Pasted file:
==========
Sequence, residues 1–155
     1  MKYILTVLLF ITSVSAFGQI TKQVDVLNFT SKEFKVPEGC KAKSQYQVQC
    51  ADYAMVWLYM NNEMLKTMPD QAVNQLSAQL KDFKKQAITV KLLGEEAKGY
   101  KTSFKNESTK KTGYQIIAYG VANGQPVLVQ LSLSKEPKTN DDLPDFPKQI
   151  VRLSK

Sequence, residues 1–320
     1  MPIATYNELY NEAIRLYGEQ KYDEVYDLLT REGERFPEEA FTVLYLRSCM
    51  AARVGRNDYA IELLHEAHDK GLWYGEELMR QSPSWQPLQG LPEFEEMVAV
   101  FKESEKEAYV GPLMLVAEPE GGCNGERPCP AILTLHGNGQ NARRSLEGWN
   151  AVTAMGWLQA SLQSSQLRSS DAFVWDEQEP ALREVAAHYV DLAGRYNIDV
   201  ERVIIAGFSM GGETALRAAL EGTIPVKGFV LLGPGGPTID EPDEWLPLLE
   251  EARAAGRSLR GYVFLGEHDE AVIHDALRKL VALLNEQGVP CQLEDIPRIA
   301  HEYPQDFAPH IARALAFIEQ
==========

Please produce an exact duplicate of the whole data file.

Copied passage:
Sequence, residues 1–155
     1  MKYILTVLLF ITSVSAFGQI TKQVDVLNFT SKEFKVPEGC KAKSQYQVQC
    51  ADYAMVWLYM NNEMLKTMPD QAVNQLSAQL KDFKKQAITV KLLGEEAKGY
   101  KTSFKNESTK KTGYQIIAYG VANGQPVLVQ LSLSKEPKTN DDLPDFPKQI
   151  VRLSK

Sequence, residues 1–320
     1  MPIATYNELY NEAIRLYGEQ KYDEVYDLLT REGERFPEEA FTVLYLRSCM
    51  AARVGRNDYA IELLHEAHDK GLWYGEELMR QSPSWQPLQG LPEFEEMVAV
   101  FKESEKEAYV GPLMLVAEPE GGCNGERPCP AILTLHGNGQ NARRSLEGWN
   151  AVTAMGWLQA SLQSSQLRSS DAFVWDEQEP ALREVAAHYV DLAGRYNIDV
   201  ERVIIAGFSM GGETALRAAL EGTIPVKGFV LLGPGGPTID EPDEWLPLLE
   251  EARAAGRSLR GYVFLGEHDE AVIHDALRKL VALLNEQGVP CQLEDIPRIA
   301  HEYPQDFAPH IARALAFIEQ